The class offers a great wide-angle snapshot of the city and in many ways, some would call it, "Los Angeles 101." One student told us that the class "would be useful as a required course for incoming out-of-state freshmen as means of enhancing the transition into the university." The interdisciplinary nature of the course provided the perfect platform to equally examine the physical, historical and literary landscapes of Los Angeles. As someone who has been giving professional city tours around Los Angeles since 1997, there's nothing I love to do more than simplify the sprawling complexity of Los Angeles.

In addition to the assigned readings and site visits, students were asked to choose a research topic that connected to their own interests within the city. Professor Kendrick's own deep interest in the history of cities and the built environment date back to her childhood, and she encouraged students to find something in the city that they felt passionate about. During my own undergraduate career two decades ago, I took a similar class at UCLA and the research in the course helped me come into my own as a writer and scholar. I learned about civic engagement from this experience and have remained engaged ever since.

Our students adhered to this spirit and chose a kaleidoscope of local places and issues in their quest to tell their own L.A. Stories. Professor Kendrick says, "Through research that included oral history and site analysis, students were to analyze 'how these urban spaces contain narratives of the city that have either been unheard or are out of plain view.' In this way, students explored how spaces became places: how the literal boundaries and physical forms of, for example, a nightclub, an ethnic enclave, or a church, contained stories of transformation, rupture or continuity."

It was very satisfying to observe the various places they selected and how the research came together. We will feature a few short excerpts from their work here.

Polina Zeynalian is a graduating senior in Fashion Design. Drawing on her experience with L.A.'s garment manufacturers, her essay critiqued the excesses and injustice of the global fashion industry. Zeynalian interviewed locally-based manufacturers, including a textile print and dye studio in Boyle Heights, a denim wash house near Compton, and a high-quality leather manufacturer in Vernon, and demonstrated that their contributions to Los Angeles have wide-reaching implications for quality of product, for labor and for the environment.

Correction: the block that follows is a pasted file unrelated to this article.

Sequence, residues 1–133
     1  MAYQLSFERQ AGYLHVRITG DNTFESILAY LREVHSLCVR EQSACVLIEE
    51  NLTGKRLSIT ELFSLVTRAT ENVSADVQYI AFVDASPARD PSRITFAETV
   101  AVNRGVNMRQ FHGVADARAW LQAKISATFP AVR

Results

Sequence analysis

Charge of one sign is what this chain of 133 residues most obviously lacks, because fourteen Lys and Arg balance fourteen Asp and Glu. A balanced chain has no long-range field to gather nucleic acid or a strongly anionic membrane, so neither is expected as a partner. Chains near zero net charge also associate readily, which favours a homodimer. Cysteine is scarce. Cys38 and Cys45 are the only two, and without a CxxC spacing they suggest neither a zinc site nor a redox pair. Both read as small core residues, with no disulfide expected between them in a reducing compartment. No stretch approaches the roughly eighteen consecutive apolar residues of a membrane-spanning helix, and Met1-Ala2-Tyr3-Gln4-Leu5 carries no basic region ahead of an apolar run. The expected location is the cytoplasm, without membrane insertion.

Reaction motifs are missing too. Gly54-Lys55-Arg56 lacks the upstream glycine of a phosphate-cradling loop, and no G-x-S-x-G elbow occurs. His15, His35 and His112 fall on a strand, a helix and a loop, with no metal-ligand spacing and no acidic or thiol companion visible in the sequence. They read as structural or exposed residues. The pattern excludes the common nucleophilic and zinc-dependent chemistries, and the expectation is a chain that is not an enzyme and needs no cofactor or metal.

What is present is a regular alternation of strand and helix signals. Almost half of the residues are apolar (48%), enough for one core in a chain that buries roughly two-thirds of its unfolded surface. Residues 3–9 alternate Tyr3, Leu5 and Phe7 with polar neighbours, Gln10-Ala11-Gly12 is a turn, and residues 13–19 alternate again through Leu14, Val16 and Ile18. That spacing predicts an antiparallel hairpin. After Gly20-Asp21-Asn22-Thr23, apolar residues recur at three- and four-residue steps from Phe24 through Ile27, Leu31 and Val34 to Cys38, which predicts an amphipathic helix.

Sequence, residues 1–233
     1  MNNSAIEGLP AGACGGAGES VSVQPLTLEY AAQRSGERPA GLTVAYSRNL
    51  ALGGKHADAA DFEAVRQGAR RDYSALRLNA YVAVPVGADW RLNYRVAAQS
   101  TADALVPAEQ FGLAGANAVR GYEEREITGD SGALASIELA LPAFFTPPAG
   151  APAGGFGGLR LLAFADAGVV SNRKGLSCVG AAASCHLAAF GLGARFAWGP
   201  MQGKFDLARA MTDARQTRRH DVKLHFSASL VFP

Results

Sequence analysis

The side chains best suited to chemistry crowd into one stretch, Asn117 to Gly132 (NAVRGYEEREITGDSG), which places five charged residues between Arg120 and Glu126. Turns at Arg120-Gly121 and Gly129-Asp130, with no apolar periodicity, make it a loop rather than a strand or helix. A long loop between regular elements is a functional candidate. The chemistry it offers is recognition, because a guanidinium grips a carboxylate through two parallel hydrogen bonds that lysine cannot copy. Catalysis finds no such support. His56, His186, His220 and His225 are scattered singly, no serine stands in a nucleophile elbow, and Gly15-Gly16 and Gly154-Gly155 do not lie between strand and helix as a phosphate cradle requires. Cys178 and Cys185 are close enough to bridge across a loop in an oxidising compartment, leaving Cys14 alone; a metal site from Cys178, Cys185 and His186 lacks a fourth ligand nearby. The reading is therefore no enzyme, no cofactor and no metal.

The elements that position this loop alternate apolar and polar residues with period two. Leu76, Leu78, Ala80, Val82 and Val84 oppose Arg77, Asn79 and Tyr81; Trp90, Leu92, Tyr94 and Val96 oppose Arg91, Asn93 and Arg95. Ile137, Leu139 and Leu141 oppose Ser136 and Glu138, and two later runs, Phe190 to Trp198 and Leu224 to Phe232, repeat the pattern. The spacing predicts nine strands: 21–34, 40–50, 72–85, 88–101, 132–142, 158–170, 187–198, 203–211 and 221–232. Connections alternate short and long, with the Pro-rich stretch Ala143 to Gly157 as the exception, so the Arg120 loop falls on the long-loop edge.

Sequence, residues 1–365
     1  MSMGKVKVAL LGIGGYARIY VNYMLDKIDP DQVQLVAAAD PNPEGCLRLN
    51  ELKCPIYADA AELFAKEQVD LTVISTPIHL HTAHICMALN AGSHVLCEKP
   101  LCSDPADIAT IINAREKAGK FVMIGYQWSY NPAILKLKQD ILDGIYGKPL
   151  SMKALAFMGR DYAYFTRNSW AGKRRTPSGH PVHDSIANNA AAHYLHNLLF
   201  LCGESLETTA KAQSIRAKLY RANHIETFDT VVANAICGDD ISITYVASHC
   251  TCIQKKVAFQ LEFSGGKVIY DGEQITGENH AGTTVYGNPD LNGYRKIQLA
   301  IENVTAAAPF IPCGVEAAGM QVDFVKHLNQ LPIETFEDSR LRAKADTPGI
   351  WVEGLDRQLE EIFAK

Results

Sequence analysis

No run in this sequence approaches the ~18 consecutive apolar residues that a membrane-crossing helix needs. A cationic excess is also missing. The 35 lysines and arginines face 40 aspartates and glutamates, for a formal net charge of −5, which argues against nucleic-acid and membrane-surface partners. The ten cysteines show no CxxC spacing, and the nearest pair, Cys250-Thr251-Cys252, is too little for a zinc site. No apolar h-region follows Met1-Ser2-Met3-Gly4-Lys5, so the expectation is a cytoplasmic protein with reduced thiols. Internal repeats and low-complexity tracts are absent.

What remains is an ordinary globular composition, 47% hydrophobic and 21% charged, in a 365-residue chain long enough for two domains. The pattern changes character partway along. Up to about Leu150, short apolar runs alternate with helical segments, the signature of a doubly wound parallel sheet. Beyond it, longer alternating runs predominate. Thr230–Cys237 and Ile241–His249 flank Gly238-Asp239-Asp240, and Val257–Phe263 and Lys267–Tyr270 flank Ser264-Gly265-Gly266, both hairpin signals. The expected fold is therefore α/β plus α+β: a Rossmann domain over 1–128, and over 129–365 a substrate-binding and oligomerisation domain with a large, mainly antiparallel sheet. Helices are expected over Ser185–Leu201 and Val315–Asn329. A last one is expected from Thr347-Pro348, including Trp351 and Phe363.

Christian Hidalgo is an Architecture major from Whittier. His research centered on three nature sites around Whittier: Whittier Narrows, Murphy Ranch, and Turnbull Canyon. His paper began by saying how for most of his life he took Whittier for granted, but as he got older, when he discovered the hiking trails of Turnbull Canyon and the sprawling wetlands at Whittier Narrows, he realized that his hometown had the perfect mix of the great outdoors and city life. His essay highlighted each of these sites and demonstrated his own evolution and personal development. In many ways, he painted a vivid picture of someone coming to a new understanding to where they are from. This excerpt from his paper reveals more:

Maria Deroyan is a Graphic Design major who loves to write about and research the Los Angeles art scene. Her project examined the history of art museums in the greater Los Angeles area, and how institutions such as LACMA, Norton Simon, and the Getty Center "emerge as iconic and engaged agents that reflect the history and culture of the city." She looked at how the physical space of each museum embodied the tensions within L.A.'s art community. Deroyan just graduated, and intends to carry this work on as both a freelance writer and in her future graduate studies.

Alan Mera is another Architecture major, and his project studied the range of Los Angeles houses. In addition to covering well known Los Angeles housing types like the California Ranch House, Streamline Moderne, and Craftsmen Bungalow, Mera discussed the often overlooked "Storybook Houses," that were popular around Southern California in the 1920s and 30s. Some have called these whimsical homes, "a blurring of art and architecture," or "the architecture of fantasy." Mera's well researched project revealed his own love of California homes and his passion for architecture and design. He plans to design homes once he graduates and his project was a perfect fusion of his personal and professional interests.